The goal

As the codebase kept on growing, we started running into problems with poor developer experience, slow build times, failing hot module replacement and more. Our Webpack config was also a bit of a nightmare to maintain.
However, there’s no point in swapping stuff out just for the sake of doing it. So before starting the move, we had to define a few goals that should stay top of mind when doing our research. A few things were particularly important for us in this move:

  • Fast build times
  • Performant bundle
  • Great developer experience
  • Maintainable config

Let’s have a quick look at each of these goals in turn, and see how Vite was able to help us in achieving this.

Fast build times

Vite uses esbuild, an extremely fast JavaScript bundler, to achieve tremendous dev server speeds. However, it does not use it to bundle the application. The rationale behind this is explained here. Esbuild has some ways to go when it comes to bundling. That is why, for the time being, Vite is using Rollup.

Our webpack setup used esbuild-loader to make sure that our build times were fast. When moving to Vite, we didn’t experience a great improvement in build times, but fast enough. We are seeing similar build times for our repo with Webpack and Vite.

Performant bundle

Our JavaScript bundle with Webpack was very bloated. We wanted to support older browsers, and doing all that with one bundle makes it all less performant, and also slower to build. With Vite, you can build one modern bundle for modern browsers, and a legacy bundle for older browsers. That’s a very nice way of gaining performance on modern browsers by doing very little. It was quite mind boggling to see how vastly it improved our load times.

Great developer experience

We have quite a few frontend developers at Kahoot!, and for the most part, we work in the same repo. To make sure that everyone is as effective as possible, we’d like the developer experience to be frictionless, and not get in the way of us being able to solve our tasks quickly. With the Webpack setup, this all took a great blow when HMR stopped working. Imagine being in the middle of a Kahoot! session, you tweak some code for a small component and the entire page reloads. A very poor developer experience. With Vite, those problems are a thing of the past. We now have super quick HMR, and the development server starts in no time thanks to esbuild, and Vite using ESModules.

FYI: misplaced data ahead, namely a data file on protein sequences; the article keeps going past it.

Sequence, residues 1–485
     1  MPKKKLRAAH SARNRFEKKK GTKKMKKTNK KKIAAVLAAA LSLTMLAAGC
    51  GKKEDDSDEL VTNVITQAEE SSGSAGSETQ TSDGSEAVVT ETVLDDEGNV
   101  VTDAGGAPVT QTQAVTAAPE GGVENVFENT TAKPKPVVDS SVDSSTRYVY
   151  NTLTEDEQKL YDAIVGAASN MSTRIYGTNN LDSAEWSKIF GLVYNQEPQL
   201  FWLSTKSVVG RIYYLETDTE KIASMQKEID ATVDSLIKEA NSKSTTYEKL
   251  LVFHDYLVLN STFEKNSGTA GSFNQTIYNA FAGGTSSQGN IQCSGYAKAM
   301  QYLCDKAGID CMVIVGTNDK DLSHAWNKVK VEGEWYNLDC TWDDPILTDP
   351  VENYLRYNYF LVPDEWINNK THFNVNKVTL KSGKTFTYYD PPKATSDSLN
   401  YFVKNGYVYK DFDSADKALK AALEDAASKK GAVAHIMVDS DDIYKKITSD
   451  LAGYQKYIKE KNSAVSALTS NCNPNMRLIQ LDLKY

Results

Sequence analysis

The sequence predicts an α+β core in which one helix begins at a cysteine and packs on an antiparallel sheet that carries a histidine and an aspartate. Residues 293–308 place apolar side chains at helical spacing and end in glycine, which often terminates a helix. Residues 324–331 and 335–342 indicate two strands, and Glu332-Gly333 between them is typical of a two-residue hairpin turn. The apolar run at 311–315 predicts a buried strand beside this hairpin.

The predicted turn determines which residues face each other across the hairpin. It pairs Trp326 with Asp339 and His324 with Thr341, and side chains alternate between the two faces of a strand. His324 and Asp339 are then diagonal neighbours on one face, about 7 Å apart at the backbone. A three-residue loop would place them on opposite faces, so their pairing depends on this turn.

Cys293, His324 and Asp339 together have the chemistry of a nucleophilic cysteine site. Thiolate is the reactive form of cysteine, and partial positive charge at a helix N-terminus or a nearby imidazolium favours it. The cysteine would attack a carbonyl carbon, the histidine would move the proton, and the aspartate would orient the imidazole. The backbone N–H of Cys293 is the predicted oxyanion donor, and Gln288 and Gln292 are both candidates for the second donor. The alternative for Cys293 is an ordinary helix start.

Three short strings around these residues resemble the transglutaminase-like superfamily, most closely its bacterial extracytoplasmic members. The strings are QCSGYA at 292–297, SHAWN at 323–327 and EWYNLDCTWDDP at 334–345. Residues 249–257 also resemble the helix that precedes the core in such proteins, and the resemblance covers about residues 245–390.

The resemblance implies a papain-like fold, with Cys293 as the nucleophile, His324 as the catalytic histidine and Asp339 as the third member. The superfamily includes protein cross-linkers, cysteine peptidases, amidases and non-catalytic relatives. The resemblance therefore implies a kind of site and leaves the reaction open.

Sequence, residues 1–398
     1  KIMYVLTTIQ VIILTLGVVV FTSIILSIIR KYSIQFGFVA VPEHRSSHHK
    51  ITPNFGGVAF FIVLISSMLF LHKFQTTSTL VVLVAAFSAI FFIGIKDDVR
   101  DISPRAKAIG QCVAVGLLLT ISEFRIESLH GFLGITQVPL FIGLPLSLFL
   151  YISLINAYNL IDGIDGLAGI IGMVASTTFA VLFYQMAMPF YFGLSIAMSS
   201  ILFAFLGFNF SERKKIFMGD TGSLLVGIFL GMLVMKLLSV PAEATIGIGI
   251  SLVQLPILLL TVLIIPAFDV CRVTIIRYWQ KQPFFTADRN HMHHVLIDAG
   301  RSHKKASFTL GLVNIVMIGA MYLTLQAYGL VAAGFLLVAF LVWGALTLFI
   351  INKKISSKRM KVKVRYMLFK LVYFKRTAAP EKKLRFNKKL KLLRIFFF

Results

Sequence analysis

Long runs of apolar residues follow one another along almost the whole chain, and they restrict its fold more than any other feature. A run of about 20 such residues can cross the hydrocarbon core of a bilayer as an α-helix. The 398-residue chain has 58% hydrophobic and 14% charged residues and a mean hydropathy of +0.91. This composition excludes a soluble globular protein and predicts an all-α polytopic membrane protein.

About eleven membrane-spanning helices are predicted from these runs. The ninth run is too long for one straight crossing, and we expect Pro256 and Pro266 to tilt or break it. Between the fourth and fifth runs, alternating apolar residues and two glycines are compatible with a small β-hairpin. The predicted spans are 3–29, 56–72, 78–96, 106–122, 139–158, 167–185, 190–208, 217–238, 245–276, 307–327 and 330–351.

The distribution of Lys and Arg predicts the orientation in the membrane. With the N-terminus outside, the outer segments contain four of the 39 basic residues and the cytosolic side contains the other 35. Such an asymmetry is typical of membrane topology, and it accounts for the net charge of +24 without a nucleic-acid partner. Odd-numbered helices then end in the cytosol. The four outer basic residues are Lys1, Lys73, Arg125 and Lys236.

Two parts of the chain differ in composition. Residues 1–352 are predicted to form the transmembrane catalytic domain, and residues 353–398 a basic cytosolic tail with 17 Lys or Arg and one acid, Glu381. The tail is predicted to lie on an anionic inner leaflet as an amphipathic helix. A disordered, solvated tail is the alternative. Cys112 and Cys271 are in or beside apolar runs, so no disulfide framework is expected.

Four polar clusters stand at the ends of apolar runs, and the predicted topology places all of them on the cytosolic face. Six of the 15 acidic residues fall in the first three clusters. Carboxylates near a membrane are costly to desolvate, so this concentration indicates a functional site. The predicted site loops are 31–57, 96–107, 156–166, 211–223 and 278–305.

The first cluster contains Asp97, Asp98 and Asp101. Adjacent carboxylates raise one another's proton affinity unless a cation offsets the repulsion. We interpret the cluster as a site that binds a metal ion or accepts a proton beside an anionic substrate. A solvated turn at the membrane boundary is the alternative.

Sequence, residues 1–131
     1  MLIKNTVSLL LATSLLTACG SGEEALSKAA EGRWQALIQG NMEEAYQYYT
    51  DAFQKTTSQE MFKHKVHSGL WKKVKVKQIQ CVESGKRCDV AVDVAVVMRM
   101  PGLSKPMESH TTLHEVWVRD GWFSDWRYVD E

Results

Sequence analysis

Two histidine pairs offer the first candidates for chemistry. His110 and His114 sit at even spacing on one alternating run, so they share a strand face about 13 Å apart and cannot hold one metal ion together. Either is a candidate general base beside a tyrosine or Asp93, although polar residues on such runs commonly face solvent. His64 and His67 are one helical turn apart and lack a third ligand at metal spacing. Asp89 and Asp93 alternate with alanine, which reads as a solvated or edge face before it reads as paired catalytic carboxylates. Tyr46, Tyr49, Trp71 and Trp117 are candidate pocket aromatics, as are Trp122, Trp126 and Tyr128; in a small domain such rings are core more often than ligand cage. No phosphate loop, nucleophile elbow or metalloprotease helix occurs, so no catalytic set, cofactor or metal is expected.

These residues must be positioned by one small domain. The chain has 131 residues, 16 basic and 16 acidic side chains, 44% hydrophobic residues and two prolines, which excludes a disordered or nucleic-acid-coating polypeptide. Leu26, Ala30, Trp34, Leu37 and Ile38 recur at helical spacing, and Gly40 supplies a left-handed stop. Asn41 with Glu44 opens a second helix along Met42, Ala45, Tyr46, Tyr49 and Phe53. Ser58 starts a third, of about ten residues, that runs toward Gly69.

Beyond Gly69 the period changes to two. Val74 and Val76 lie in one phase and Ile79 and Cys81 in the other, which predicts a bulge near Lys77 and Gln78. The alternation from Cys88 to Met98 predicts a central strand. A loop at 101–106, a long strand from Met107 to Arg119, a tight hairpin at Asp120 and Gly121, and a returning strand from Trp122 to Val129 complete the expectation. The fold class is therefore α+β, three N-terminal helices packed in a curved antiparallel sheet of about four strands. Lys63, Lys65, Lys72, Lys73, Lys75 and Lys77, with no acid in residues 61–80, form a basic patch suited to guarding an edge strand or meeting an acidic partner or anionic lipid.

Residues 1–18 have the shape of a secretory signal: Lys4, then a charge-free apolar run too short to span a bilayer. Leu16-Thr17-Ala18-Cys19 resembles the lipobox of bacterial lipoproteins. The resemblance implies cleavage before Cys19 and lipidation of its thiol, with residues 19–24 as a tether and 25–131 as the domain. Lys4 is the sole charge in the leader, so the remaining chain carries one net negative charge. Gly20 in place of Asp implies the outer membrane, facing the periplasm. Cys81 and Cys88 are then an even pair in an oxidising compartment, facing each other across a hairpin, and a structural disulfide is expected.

To give you an idea of how development server startup time improved with Vite, you can have a look at the table below:

Webpack Vite
Project 1 ~30s 1.8s
Project 2 ~12s 1.4s
Project 3 ~20s 1.5s

Vite is actually consistently launching the dev server in under 1 second for all our projects. The reason it’s a bit slower in the table above is because we fetch a token that’s automatically injected so that we don’t have to authenticate all the time.

Maintainable config

I don’t think anyone at Kahoot! was fully familiar with the Webpack config. The repo was originally created using create-react-app, and ejected to gain control over config. Over the years, this config was changed slightly to account for some of our needs. As the codebase grew, this only got worse, and the move to Vite was very welcome.

Vite is opinionated. It comes with very sensible defaults out of the box. That being said it is also extensible to the point where you can customize nearly everything. The overall experience of setting up Vite was very simple compared to Webpack. The fact that our codebase is approximately 4 years old means that not everything works out of the box, but it requires minimal tinkering to get it working. We were able to remove quite a few unnecessary scripts, vastly simplifying the overall config.

To sum things up, we strongly encourage you to have a look at Vite. It’s a tool we’ve grown to love very fast. It’s a modern approach to an old problem. The future of frontend tooling is looking very bright.